Abstract: We utilize several unique firm-level datasets in order to assess the efficiency and effectiveness of the government support aiming to curb the economic consequences of the coronavirus (COVID19) pandemic. The results, drawing on the experience of a small open European country (Slovakia), suggest the distributed COVID-19 subsidies save non-negligible number of jobs and sustain economic activity during the first wave of the pandemic. General distribution rules designed on the fly may bring close to optimal results, as relatively more productive, privately owned, foreign-demand oriented firms are prioritized and firms with a higher environmental footprint or zombie firms record a relatively lower chance of obtaining government funding. By assuming constant cost elasticities to sales, we show that the pandemic deteriorates strongly firm profits and increases significantly the share of illiquid and insolvent firms. Government wage subsidies somewhat mitigate firm losses and have statistically significant effect, but relatively mild compared to the size of the economic shock. Our estimates also confirm that larger firms, receiving smaller relative size of the support, have more space to cover their additional liquidity needs by increasing trade liabilities or liabilities to affiliated entities, while SMEs face higher risk of insolvencies.
    Keywords: coronavirus,COVID-19,firm-level,policy measures,wage subsidies,profit,liquidity,solvency
    JEL: D22 H20 G32 G33 J38
    Date: 2021
  24. By: Echeverría, Lucía (University of Zaragoza); Gimenez-Nadal, J. Ignacio (University of Zaragoza); Molina, José Alberto (University of Zaragoza)
    Abstract: Recent years have witnessed efforts worldwide to promote green mobility, aimed at boosting sustainable economic growth. However, how green mobility relates to travelers' well-being remains an open question. We explore whether "green" modes of transportation (public transit and walking/cycling) are associated with higher levels of well-being in comparison to private driving, placing special focus on different types of travel (related to paid work, unpaid work, personal care, childcare, and leisure). We use the UK Time Use Survey (UKTUS) from 2014-2015, and exploit information on self-reported enjoyment during travel, as a measure of experienced well-being. We estimate Ordinary Least Squares and Random Effects regressions for each travel category, and find relative, positive effects of physical transport on enjoyment, in terms of personal care and leisure, while the relative negative effects of public transport are observed for childcare and work/paid travel, in relationship to traditional driving modes. Our evidence suggests a need to develop strategies to effectively promote mobility by physical modes, while improving the experience of public transit users.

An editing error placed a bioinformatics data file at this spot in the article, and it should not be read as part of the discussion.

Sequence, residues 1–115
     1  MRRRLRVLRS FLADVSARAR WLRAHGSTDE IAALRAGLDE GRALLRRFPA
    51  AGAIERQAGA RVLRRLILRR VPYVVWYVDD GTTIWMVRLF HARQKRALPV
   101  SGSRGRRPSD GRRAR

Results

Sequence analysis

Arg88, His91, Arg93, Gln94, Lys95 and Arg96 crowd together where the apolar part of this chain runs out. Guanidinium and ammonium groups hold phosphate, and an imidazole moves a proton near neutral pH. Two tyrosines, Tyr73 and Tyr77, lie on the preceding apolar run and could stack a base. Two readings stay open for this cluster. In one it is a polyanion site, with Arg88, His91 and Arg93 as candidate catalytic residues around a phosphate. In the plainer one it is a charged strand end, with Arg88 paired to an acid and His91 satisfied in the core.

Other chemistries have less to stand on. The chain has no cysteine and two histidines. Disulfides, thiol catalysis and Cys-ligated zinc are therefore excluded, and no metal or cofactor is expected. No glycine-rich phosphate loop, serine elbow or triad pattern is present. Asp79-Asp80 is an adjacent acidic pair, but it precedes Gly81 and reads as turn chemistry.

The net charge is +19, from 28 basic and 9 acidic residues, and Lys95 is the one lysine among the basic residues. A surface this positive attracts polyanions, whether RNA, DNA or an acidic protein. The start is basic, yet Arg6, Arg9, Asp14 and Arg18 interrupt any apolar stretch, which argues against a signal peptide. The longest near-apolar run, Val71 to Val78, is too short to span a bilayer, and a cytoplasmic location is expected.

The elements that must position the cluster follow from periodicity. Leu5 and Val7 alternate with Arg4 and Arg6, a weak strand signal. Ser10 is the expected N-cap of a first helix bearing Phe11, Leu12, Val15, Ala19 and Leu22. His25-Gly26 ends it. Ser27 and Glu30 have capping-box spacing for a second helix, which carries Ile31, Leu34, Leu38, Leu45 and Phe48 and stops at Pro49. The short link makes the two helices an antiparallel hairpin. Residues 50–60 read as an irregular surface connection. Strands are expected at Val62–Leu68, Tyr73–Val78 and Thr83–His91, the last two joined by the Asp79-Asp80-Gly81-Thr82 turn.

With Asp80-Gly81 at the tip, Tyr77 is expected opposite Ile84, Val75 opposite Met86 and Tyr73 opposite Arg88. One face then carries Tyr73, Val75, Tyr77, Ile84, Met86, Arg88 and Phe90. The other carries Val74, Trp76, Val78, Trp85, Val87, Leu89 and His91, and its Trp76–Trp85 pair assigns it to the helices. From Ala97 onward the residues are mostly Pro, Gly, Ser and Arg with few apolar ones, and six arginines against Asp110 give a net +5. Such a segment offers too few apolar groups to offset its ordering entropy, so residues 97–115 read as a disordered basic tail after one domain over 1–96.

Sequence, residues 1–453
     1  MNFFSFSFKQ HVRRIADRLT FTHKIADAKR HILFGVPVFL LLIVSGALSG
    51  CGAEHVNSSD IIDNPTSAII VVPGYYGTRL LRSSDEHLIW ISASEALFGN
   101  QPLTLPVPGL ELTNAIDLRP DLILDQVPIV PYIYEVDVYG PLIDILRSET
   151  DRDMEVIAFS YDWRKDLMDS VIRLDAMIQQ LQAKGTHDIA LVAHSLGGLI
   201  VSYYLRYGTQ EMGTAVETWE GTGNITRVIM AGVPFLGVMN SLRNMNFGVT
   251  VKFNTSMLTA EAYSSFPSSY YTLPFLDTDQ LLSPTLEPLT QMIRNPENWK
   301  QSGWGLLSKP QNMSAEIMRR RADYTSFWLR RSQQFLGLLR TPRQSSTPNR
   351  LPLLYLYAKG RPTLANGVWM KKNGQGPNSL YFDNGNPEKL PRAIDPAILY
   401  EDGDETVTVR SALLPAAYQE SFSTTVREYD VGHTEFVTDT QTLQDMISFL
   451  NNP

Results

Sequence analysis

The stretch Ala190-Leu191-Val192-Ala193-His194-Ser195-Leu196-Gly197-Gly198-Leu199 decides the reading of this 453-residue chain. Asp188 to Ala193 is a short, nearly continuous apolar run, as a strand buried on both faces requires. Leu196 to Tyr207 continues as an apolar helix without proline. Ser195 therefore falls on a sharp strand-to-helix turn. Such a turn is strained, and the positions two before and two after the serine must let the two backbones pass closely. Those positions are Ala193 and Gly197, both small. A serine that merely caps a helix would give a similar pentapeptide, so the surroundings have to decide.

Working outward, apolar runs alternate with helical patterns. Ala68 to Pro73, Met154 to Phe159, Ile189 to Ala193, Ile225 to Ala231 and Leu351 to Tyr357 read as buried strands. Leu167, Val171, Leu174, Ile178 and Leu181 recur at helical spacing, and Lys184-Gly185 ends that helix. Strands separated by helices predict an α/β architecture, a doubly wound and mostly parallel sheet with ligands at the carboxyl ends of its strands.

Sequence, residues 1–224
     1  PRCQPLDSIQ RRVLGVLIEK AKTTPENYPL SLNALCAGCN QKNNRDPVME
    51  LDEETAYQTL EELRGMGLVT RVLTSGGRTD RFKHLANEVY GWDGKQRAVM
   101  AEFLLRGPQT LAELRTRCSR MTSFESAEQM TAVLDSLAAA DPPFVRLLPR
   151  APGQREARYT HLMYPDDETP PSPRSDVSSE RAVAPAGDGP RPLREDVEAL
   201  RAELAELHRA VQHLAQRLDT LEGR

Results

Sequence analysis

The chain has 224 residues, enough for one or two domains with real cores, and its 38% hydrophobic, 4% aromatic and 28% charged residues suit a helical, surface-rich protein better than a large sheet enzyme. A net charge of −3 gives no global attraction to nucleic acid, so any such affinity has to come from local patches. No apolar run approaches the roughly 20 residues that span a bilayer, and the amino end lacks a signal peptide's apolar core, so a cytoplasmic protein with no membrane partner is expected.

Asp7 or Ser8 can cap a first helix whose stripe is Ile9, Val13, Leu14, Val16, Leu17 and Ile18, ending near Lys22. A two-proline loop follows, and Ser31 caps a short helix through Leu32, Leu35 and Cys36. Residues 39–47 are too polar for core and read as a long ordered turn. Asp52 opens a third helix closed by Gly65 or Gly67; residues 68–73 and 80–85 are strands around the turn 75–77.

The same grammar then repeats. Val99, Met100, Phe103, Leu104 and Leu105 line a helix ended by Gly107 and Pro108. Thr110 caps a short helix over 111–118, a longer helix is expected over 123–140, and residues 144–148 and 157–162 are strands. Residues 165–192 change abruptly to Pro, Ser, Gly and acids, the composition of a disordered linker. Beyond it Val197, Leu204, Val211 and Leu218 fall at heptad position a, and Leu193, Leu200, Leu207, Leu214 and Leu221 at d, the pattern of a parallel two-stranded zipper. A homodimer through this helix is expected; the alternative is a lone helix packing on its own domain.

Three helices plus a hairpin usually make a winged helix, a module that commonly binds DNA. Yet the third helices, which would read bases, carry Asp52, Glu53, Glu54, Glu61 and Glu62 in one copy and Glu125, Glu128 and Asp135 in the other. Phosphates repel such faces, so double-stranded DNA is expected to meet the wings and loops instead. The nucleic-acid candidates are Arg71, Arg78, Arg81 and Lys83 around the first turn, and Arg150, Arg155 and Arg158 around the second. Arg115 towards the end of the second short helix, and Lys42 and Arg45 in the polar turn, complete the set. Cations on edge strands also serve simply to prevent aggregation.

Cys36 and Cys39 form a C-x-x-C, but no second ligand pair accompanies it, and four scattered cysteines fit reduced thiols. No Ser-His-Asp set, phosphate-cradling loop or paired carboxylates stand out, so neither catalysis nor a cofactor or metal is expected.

Keywords: subjective well-being, green travelling, walking/cycling, public transport
    JEL: R4 J22
    Date: 2021–05
  25. By: Drydakis, Nick
    Abstract: This meta-analysis utilizes 24 papers published between 2012-2020 that focus on earnings differences by sexual orientation. The papers cover the period between 1991 and 2018, and countries in Europe, North America and Australia. The meta-analysis indicates that gay men earned less than heterosexual men. Lesbian women earned more than heterosexual women, while bisexual men earned less than heterosexual men. Bisexual women earned less than heterosexual women. According to the meta-analysis, in data sets after 2010, gay men and bisexual men and women continue to experience earnings penalties, while lesbian women continue to experience earnings premiums. Τhe meta-regression estimates indicate relationships between study characteristics and the estimated earnings effects for sexual minorities. For instance, regions, sexual minority data set sizes, and earnings classifications influence the outcomes. The persistence of earnings penalties for gay men and bisexual men and women in the face of anti-discrimination policies represents a cause for concern and indicates the need for comprehensive legislation and workplace guidelines to guarantee that people receive fair pay and not experience any form of workplace inequality simply because of their sexual orientation.
    Keywords: Sexual Orientation,Discrimination,Earnings
    JEL: C93 E24 J15 J16 J71
    Date: 2021
  26. By: Aina, Carmen; Brunetti, Irene; Mussida, Chiara; Schicchitano, Sergio
    Abstract: This paper evaluates if and to what extend the risk of becoming Not in Employment, Education or Training (NEET) has worsened during the Covid-19 pandemic in Italy. The analysis is based on a unique dataset from the merging of two sample surveys, the Italian Labor Force Survey and the Institutional Quality Index dataset. We find that the probability of being NEET significantly increased during the pandemic, but heterogeneously between age cohorts and geographical areas. The most affected categories have been young people (aged 25-34) and those living in North-West regions. Females are mostly affected compared to males, especially those experiencing motherhood and living in a Southern province. Investment in education reduces the NEET status, mainly for age-group 25-34 in the South. Participation in the civil society significantly reduces the probability to being NEET. Finally, active policies conducted at regional level are a further educational investment that protect from becoming NEET, although their effectiveness is not significant in the Southern regions. We provide novel evidence to inform policymakers and help building evidence-based policies, tailored on local needs.
    Keywords: NEET,Covid-19 pandemic,quality institutions,Italian provinces
    JEL: I20 J18 J21
    Date: 2021